A smart card is a small plastic card with an embedded integrated circuit chip. Many government agencies and large enterprises use smart cards such as Common Access Card (CAC) to increase the security of their systems and to comply with security regulations. A smart card is used in environments where each machine includes a smart card reader. Smart card hardware drivers that manage the smart card are typically preinstalled.

Note: In vSphere 7.0 Update 2 and later, you can enable FIPS on vCenter Server. See the vSphere Security documentation. RSA SecureID and CAC authentication are not supported when FIPS is enabled. Use external identity provider federation for MFA authentication. See Configuring vCenter Server Identity Provider Federation.

Users who log in to a vCenter Server system are prompted to authenticate with a smart card and PIN combination, as follows.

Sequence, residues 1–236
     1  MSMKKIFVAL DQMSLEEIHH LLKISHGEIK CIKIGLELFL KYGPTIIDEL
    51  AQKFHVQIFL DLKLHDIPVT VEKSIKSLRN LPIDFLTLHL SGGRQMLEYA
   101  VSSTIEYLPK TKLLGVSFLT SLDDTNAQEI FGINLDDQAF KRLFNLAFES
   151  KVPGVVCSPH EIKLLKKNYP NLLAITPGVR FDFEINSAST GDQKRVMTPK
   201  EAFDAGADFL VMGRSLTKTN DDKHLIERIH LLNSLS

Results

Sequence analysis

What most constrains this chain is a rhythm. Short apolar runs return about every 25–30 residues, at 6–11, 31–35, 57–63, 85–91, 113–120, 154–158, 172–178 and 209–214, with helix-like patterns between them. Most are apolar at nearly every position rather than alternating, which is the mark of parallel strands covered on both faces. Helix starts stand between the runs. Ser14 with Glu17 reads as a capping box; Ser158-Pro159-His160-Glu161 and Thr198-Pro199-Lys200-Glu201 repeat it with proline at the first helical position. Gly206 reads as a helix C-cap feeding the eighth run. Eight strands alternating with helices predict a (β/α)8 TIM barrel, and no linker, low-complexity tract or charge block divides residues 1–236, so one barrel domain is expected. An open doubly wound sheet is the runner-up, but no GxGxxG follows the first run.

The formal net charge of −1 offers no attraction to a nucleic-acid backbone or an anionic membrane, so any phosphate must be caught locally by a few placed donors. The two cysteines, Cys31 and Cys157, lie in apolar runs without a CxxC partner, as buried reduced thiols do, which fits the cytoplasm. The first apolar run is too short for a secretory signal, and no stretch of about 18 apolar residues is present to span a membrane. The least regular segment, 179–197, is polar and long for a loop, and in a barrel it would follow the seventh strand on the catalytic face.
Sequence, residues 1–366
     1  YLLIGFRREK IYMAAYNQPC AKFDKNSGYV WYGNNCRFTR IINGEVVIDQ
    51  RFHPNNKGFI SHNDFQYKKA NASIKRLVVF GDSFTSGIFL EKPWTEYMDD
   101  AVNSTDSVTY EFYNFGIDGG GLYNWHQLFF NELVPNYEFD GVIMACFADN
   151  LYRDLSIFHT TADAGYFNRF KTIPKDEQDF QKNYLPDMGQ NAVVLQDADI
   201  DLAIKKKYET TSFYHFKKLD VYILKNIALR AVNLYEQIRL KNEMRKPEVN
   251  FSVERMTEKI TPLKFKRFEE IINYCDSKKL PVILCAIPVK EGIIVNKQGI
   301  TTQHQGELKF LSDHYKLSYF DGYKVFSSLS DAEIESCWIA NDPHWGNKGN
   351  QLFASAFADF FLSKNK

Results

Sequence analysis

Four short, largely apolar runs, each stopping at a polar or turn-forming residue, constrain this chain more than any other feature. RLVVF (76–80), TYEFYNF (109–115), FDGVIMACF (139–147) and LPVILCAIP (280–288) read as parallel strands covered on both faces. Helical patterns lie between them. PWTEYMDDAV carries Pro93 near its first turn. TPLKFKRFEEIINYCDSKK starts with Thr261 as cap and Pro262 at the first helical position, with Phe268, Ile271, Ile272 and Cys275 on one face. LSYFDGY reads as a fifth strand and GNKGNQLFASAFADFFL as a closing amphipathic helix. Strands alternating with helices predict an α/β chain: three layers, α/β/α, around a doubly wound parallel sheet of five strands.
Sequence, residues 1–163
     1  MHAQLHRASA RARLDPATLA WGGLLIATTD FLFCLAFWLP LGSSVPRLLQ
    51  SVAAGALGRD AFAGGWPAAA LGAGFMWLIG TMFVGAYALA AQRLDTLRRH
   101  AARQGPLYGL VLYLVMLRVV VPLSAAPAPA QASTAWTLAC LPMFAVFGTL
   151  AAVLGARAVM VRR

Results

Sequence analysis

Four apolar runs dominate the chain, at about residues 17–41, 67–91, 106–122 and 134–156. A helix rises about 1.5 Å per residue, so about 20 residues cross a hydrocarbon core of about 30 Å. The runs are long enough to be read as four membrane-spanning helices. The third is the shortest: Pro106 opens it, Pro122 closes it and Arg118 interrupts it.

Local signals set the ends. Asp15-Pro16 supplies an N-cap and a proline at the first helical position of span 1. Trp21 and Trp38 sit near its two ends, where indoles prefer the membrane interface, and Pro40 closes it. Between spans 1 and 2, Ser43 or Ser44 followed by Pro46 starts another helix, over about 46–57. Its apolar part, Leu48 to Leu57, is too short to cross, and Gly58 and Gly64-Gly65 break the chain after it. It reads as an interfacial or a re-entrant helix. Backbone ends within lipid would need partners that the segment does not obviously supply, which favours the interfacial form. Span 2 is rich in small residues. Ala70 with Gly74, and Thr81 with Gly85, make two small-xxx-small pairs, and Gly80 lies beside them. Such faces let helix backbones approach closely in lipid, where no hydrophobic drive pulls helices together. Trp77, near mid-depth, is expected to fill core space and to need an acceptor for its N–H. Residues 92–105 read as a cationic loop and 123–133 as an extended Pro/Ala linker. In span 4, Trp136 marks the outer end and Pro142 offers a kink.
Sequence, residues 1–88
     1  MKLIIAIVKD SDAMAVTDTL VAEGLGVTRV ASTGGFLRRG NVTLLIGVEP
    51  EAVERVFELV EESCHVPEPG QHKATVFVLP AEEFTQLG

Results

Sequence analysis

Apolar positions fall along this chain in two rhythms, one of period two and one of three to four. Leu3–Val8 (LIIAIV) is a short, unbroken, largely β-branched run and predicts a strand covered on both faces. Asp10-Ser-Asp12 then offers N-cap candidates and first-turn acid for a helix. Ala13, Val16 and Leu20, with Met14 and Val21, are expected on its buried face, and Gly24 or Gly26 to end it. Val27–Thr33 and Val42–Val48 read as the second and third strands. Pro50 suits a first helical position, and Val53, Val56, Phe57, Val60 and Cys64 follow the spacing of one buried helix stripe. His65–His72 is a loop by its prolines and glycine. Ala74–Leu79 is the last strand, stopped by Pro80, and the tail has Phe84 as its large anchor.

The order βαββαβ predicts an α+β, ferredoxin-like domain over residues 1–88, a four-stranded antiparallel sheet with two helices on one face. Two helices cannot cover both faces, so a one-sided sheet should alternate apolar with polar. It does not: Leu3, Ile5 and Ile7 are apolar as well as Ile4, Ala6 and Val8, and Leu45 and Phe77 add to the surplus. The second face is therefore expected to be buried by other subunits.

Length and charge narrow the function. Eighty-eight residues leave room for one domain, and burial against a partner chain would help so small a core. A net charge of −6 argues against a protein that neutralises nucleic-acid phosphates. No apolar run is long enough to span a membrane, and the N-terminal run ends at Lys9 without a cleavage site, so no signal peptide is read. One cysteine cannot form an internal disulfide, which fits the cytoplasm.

1. When a user inserts the smart card into the smart card reader, the browser reads the certificates on the card.
  2. The browser prompts the user to select a certificate, then prompts the user for the PIN for that certificate.
  3. vCenter Single Sign-On checks whether the certificate on the smart card is known. If revocation checking is turned on, vCenter Single Sign-On also checks whether the certificate is revoked.
  4. If the certificate is known to vCenter Single Sign-On, and is not a revoked certificate, the user is authenticated and can perform tasks for which that the user has permissions.
Note: It usually makes sense to leave user name and password authentication enabled during testing. After testing is complete, deactivate user name and password authentication and activate smart card authentication. Subsequently, the vSphere Client allows only smart card login. Only users with root or administrator privileges on the machine can reactivate user name and password authentication by logging in to the vCenter Server directly.